Yes, Charles confirms that the recovery time is longer on zero carb meat and water.  But at the same time, he finds that less exercise is required to maintain fitness.  Charles only runs twice per week.  He doesn't jog.  I believe he does mostly interval work.  He also lifts twice per week, but he has been running alot of races lately, so he has not lifted for several weeks in a row.  He found that even after going several weeks without lifting, there was no loss of strength.  Charles is in his early 40's.

Yeah, no sooner than I posted, I popped over and saw those posts.  However I believe his point is more about muscle rebuild and over training rather than one of fuel.  Of course it really doesn't matter WHY you need to wait 3 days if 3 days is what you need to wait.  The only valid reason to find out for sure is if you wanted to optimize your training.  In this case (Lex's) and in fact most cases the training is for general conditioning so "optimizing" is not needed.  And, I suspect, optimizing is probably bad as it most likely comes at the expense of something else, the general health.  Probably.  ;)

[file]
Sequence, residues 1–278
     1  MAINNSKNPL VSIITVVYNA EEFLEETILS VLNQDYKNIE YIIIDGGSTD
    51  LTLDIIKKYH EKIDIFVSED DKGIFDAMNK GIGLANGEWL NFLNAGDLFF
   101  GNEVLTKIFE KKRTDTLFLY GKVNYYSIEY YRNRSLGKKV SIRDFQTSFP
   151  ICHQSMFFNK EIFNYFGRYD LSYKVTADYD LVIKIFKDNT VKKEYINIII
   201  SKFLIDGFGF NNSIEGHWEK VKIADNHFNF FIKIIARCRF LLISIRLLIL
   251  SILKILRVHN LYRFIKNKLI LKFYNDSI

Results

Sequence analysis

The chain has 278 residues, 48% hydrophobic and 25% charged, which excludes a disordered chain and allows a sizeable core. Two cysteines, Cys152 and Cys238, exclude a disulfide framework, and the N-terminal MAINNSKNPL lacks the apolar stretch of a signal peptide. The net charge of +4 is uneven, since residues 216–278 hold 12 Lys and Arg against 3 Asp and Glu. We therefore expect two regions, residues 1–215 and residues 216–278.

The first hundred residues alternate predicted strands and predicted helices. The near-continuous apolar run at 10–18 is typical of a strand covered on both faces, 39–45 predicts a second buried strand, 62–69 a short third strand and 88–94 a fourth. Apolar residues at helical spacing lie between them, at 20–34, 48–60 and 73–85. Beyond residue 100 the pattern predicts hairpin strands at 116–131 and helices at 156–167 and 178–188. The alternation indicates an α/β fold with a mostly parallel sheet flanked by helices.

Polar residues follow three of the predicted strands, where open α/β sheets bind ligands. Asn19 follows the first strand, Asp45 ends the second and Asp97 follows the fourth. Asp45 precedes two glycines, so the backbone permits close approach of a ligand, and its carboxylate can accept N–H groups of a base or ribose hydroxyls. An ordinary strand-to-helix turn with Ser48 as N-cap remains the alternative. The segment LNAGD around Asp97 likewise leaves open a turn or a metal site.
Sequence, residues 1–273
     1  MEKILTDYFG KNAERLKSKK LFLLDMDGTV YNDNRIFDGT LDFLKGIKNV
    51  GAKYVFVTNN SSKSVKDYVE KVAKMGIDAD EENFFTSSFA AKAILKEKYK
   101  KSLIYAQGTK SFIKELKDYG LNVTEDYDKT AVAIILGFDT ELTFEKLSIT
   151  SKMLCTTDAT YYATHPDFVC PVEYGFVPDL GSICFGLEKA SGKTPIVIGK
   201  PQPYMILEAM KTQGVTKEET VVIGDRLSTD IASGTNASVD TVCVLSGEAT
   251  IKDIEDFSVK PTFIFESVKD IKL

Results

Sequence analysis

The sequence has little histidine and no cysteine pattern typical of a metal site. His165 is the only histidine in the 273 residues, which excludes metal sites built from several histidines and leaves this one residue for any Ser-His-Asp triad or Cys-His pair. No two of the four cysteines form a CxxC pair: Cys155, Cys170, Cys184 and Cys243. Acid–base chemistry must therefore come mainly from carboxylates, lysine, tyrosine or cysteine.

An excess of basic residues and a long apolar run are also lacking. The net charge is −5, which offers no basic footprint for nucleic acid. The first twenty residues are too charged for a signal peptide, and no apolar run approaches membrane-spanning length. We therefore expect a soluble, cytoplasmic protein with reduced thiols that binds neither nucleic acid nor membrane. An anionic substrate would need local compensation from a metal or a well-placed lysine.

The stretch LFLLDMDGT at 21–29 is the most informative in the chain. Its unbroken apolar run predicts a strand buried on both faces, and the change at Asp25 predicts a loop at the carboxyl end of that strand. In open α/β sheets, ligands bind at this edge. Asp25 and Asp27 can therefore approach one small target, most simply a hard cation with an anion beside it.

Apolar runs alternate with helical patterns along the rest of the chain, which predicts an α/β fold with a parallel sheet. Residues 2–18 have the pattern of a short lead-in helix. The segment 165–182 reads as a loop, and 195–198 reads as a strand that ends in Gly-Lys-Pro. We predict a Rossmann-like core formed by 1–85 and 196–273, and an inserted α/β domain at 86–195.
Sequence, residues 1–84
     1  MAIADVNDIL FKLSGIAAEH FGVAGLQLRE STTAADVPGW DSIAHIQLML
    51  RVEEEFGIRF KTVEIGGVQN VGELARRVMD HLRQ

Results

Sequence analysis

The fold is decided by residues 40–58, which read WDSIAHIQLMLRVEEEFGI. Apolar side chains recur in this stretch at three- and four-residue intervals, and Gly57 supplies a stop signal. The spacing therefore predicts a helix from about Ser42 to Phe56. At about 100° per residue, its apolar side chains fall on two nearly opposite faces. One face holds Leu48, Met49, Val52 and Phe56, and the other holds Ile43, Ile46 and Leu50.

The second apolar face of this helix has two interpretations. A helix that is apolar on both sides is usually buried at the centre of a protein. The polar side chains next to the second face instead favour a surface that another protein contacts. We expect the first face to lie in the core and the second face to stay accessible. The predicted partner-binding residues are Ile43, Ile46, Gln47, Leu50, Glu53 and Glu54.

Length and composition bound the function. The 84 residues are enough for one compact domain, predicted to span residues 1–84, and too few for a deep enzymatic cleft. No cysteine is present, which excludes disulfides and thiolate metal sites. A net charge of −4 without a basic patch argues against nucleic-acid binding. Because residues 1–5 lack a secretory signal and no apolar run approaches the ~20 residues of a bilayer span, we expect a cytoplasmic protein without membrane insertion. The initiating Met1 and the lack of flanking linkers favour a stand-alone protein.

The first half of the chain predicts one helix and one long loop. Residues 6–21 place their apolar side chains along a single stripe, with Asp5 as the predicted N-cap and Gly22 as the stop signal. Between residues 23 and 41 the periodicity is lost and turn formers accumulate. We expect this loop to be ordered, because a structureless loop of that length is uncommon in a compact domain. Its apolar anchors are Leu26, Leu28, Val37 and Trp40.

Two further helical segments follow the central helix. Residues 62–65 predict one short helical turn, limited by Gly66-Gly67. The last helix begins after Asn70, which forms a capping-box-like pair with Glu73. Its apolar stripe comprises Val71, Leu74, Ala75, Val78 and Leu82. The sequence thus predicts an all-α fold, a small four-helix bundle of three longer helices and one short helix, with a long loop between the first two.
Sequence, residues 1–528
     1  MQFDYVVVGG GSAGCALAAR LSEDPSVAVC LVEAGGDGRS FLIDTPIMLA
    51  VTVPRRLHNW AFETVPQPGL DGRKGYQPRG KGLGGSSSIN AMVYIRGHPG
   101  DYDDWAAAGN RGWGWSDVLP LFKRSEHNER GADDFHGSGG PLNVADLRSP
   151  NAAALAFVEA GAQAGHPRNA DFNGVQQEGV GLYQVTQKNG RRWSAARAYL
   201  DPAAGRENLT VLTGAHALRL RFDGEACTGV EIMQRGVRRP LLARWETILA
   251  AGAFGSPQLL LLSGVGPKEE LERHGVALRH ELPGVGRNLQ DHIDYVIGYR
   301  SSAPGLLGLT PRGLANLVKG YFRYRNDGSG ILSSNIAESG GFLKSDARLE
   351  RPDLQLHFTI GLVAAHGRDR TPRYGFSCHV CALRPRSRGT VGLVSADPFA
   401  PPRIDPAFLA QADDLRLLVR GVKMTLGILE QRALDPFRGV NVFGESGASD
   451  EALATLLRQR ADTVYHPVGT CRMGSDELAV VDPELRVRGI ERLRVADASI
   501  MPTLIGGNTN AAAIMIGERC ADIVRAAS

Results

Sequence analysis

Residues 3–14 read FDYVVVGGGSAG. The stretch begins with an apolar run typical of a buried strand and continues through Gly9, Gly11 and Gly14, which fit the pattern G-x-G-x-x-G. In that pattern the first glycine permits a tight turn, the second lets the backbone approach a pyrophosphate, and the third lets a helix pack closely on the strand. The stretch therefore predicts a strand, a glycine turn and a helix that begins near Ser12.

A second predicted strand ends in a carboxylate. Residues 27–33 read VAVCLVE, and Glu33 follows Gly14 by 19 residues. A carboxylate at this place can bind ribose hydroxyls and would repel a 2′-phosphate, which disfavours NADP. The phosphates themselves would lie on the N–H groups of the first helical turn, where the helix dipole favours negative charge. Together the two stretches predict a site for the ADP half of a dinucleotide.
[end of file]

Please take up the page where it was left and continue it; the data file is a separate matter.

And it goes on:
-E

Offline lex_rooker

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Re: Lex's Journal
« Reply #297 on: September 28, 2008, 12:05:00 am »
Find a Field of grass. Always jog on grass when going for more than a mile and especially every day.
Our ancestors always have the answers. The reason why the could walk and run around bare footed is because they were on grass, mud etc. If they were on cement they would have had knee problems for sure. Even if you have really cushioned shoes, jog on grass. Its fine to walk on cement with cushioned shoes. i walked every where bar foot once even on cement. I developed knee pains. i went back to my shoes and healed quickly. When walking places I try to walk on grass as much as possible, even though my shoes are well cushioned.

Hi Sully,
I wish it were that easy.  I've found that as I've gotten older the pits, divits, and gopher holes in grass are worse than an even hard dirt track or cement sidewalk.  20 years ago I could take these things in stride.  Now, my joints are not as flexible and forgiving as they once were and it is very easy to twist and strain the various joints on uneven surfaces - especially when I can't see imperfections.

My favorite running surface is a rubberized asphalt, but these are expensive to install and maintain so most of the local schools don't have them, and the ones that do, don't open their tracks to the public.  My choice is either deal with the jarring of joints when running on a smooth hard surface, or risk twisting my knee or ankle and possibly tearing ligaments by running on an uneven but cushioned surface like grass.

It seems that everything is a compromise,

Lex

Offline lex_rooker